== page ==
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ARDS: Criteria and Phases

Nursing Knowledge

ARDS: Criteria and Phases

Acute Respiratory Distress Syndrome (ARDS) is a severe, life-threatening condition characterized by rapid onset of widespread inflammation in the lungs, leading to fluid accumulation in the alveoli and severe hypoxemia. Nursing tasks around ARDS include managing mechanical ventilation, vigilant monitoring, and interventions related to the underlying causes such as sepsis or trauma. Key points include recognizing early symptoms, implementing appropriate respiratory support, and employing strategies to improve oxygenation.
Last updated: June 12, 2024

Table of contents

What is ARDS? 

Definition 

ARDS stands for Acute Respiratory Distress Syndrome. 

It is a severe lung condition where a rapid-onset, widespread inflammation leads to the accumulation of fluid in the alveoli, preventing the bloodstream from receiving adequate oxygen supply. ARDS is associated with high mortality and long-term complications are possible. 

Affected clients become hypoxic and experience severe shortness of breath.

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Causes of ARDS

Causes of acute respiratory distress syndrome can be direct (pulmonary) or indirect (extrapulmonary): 

Pulmonary causes: 

  • Inhalation of harmful substances
  • Near drowning
  • Aspiration
  • Severe pneumonia 

Extrapulmonary causes: 

  • Sepsis (this is the most common cause) 
  • Head, chest, and other major injuries
  • Pancreatitis
  • Burns
  • Massive blood transfusion 

ARDS Stages

The stages, or phases of ARDS, can be broadly categorized into three parts:

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Exudative phase (days 1–7) 

An initial injury to the pneumocytes and pulmonary endothelium leads to a rapidly progressing inflammation in the lungs. Fluid accumulates in the alveoli, affecting oxygen exchange and leading to the patient having difficulty breathing and becoming hypoxic. 

Proliferative phase (days 7–21) 

In this phase, the body starts repairing the damaged lung tissue and clearing out the fluid. In this process, some patients may start to develop scarring in the lungs, which can further inhibit oxygen exchange. 

Fibrotic phase (after 21 days) 

Extensive scarring and fibrosis may lead to long-term or permanent loss of lung function. Some patients gradually recover, but chronic lung disease or breathing difficulties are a possibility. 

ARDS diagnostic criteria and protocol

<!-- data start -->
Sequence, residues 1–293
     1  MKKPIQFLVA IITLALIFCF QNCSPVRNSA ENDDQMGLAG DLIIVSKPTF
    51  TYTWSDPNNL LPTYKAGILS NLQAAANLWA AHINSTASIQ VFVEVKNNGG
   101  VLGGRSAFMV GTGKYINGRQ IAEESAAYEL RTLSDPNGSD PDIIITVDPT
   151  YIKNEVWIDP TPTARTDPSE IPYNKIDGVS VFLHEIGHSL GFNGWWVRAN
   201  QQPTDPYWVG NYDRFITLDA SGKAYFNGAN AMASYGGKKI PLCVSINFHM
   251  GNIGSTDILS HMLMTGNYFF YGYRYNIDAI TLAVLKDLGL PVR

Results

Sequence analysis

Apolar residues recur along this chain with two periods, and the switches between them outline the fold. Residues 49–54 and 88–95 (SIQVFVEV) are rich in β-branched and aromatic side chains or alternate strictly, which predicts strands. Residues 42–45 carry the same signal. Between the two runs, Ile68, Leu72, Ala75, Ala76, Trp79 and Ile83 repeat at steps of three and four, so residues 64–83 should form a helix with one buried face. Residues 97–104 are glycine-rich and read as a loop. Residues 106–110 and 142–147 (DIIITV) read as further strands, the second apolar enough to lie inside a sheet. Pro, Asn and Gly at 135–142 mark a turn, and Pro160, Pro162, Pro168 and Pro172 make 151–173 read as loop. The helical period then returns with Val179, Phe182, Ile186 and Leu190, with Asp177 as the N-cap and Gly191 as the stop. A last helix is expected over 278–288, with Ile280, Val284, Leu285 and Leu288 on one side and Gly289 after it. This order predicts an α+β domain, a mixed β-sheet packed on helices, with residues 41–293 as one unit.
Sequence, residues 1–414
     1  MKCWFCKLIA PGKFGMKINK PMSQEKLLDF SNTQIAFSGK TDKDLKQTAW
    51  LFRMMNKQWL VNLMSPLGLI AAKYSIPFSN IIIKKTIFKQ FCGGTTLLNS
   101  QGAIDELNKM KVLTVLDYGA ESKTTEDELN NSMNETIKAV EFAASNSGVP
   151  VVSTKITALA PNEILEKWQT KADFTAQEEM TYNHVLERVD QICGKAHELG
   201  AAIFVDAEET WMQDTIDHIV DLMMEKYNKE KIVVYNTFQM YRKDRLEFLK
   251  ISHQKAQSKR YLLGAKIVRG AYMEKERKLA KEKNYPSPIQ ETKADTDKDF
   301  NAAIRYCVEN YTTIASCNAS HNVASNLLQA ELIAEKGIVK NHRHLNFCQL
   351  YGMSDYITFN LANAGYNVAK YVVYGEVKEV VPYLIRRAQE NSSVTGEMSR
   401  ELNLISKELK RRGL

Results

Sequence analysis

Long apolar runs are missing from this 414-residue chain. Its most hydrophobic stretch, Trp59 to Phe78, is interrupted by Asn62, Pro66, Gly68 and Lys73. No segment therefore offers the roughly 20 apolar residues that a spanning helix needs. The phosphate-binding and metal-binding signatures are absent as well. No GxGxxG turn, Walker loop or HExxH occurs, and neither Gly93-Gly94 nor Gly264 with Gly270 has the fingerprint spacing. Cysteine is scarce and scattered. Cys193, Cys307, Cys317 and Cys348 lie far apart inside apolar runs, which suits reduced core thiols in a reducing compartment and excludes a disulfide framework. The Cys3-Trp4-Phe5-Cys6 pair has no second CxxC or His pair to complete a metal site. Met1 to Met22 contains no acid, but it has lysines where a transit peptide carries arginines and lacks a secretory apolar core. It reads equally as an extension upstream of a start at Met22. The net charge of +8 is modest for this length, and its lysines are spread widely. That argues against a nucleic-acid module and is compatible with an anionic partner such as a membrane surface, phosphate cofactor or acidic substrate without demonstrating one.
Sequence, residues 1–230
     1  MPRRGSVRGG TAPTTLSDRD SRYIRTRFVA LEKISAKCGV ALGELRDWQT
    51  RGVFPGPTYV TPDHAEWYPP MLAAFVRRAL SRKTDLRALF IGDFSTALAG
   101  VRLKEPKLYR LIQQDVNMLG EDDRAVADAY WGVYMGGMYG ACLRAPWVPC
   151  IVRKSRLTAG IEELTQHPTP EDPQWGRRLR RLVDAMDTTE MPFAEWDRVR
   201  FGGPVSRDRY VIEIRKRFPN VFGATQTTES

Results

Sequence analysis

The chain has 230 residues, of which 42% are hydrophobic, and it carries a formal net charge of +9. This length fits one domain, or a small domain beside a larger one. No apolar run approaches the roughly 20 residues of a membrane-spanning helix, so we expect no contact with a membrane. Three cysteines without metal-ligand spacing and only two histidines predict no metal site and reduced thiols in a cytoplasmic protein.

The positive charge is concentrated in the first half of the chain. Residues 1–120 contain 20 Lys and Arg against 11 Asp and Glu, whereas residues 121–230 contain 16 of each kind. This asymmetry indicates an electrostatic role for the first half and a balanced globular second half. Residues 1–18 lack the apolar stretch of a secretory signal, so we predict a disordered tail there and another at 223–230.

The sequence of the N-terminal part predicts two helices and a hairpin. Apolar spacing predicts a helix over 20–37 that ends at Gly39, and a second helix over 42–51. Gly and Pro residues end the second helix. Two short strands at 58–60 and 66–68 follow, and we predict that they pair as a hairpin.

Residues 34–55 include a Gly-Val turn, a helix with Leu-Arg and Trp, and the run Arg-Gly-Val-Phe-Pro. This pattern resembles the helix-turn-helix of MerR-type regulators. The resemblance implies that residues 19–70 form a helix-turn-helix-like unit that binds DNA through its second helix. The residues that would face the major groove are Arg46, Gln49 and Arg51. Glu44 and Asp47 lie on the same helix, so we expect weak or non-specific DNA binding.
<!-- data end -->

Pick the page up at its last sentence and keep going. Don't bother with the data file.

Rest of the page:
Outside of the client experiencing acute dyspnea, PaO2/FiO2 can be used to determine level of impairment to move O2 into arteries. A partial pressure of O2/fraction of inspired O2 ratio < 300 mm Hg indicates hypoxic respiratory failure. 

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ARDS X-ray 

On a chest X-ray, ARDS can be recognized by bilateral alveolar opacity. 

Ards on xray
Image: “Chest CT scan indicative of severe ARDS” by Johns et al. License: CC BY 2.0

Treatment and interventions

Providers will attempt to investigate and treat the underlying cause. The goals of immediate interventions are to 

  • Provide adequate oxygenation
  • Reduce further lung damage
  • Avoid fluid overload 

Most clients require intubation/mechanical ventilation. Monitor vital signs, oxygen saturation, and ABGs. Further interventions include prone positioning, sedation, paralysis, nutritional support and monitoring for complications like infections or multi-organ failure. 

ARDS vs pulmonary edema

Pulmonary edema is defined as the accumulation of fluid in the lungs. Often, it is due to heart-related conditions such as decompensated heart failure or acute coronary syndrome. In ARDS, pulmonary edema is caused by increased permeability of the alveolar-capillary membrane due to inflammation and injury, rather than by heart failure or fluid overload. 

ARDS vs pneumonia

Pneumonia is the inflammation of the lungs due to an infection. It presents with fever, chills, and productive cough, and can be recognized by lung sounds and consolidations on chest X-rays. 

Pneumonia is primarily treated with antibiotics and supportive care, with usually less need for invasive respiratory support. An incentive spirometer can help clients breathe better. 

Severe pneumonia can progress to ARDS. 

ARDS NCLEX questions

Online seminar recording: respiratory emergencies with Rhonda Lawes, PhD, RN

Watch the recording of Lecturio’s online student event about respiratory emergencies with Prof. Lawes. She explained some common pathophysiology behind respiratory emergencies you should know for nursing school and beyond, and answered questions from the attendees!

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ARDS: Criteria and Phases

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